From marine research to development and sustainable management, Ireland is developing a strong and well-deserved reputation as an emerging centre of excellence. Whether it's Wavebob ocean energy technology to aquaculture to weather buoys and oil exploration, the Marine Science category documents the work of Irish marine scientists and researchers and how they have secured prominent roles in many European and international marine science bodies.

Power From The Sea

The message from the experts is clear: offshore wind and wave energy is the future. And as Ireland looks towards the potential of the renewable energy sector, generating Power From The Sea will become a greater priority in the State's 'blue growth' strategy.

Developments and activities in existing and planned projects in the pipeline from the wind and wave renewables sector, and those of the energy exploration industry, point to the future of energy requirements for the whole world, not just in Ireland. And that's not to mention the supplementary industries that sea power projects can support in coastal communities.

Irish ports are already in a good position to capitalise on investments in offshore renewable energy services. And Power From The Sea can even be good for marine wildlife if done properly.

Aside from the green sector, our coastal waters also hold a wealth of oil and gas resources that numerous prospectors are hoping to exploit, even if people in coastal and island areas are as yet unsure of the potential benefits or pitfalls for their communities.

Changing Ocean Climate

Our ocean and climate are inextricably linked - the ocean plays a crucial role in the global climate system in a number of ways. These include absorbing excess heat from the atmosphere and absorbing 30 per cent of the carbon dioxide added to the atmosphere by human activity. But our marine ecosystems are coming under increasing pressure due to climate change.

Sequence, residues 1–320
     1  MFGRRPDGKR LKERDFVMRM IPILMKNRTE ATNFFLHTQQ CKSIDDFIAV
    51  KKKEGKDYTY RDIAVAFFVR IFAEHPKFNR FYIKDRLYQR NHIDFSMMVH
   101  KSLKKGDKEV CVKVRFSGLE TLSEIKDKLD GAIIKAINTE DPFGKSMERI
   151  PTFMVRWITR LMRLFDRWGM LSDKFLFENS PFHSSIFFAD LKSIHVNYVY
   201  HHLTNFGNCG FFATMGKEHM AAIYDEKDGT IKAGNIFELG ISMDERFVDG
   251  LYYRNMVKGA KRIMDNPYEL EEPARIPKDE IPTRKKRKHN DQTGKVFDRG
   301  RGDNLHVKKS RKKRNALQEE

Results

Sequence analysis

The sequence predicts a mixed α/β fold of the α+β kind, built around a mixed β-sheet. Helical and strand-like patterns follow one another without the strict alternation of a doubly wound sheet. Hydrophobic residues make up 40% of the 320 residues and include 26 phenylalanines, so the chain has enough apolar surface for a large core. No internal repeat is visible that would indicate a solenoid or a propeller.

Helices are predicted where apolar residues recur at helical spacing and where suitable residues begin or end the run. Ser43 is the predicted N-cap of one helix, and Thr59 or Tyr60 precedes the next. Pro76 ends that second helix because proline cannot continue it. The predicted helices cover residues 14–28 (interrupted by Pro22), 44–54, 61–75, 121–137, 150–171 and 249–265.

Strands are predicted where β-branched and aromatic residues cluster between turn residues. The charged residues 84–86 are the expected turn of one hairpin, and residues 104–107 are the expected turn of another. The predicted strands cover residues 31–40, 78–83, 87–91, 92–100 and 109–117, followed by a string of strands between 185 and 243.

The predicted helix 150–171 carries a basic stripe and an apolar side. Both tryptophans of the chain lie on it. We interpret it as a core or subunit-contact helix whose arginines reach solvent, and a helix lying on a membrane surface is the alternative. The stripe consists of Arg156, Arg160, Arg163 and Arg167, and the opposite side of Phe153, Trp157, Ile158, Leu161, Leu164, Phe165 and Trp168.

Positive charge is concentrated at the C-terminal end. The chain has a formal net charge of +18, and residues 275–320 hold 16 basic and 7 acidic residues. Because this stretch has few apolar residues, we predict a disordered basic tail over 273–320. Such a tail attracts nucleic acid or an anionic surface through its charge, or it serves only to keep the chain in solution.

The Marine Institute, with its national and international partners, works to observe and understand how our ocean is changing and analyses, models and projects the impacts of our changing oceans. Advice and forecasting projections of our changing oceans and climate are essential to create effective policies and management decisions to safeguard our ocean.

Dr Paul Connolly, CEO of the Marine Institute, said, “Our ocean is fundamental to life on earth and affects so many facets of our everyday activities. One of the greatest challenges we face as a society is that of our changing climate. The strong international collaborations that the Marine Institute has built up over decades facilitates a shared focusing on our changing ocean climate and developing new and enhanced ways of monitoring it and tracking changes over time.

“Our knowledge and services help us to observe these patterns of change and identify the steps to safeguard our marine ecosystems for future generations.”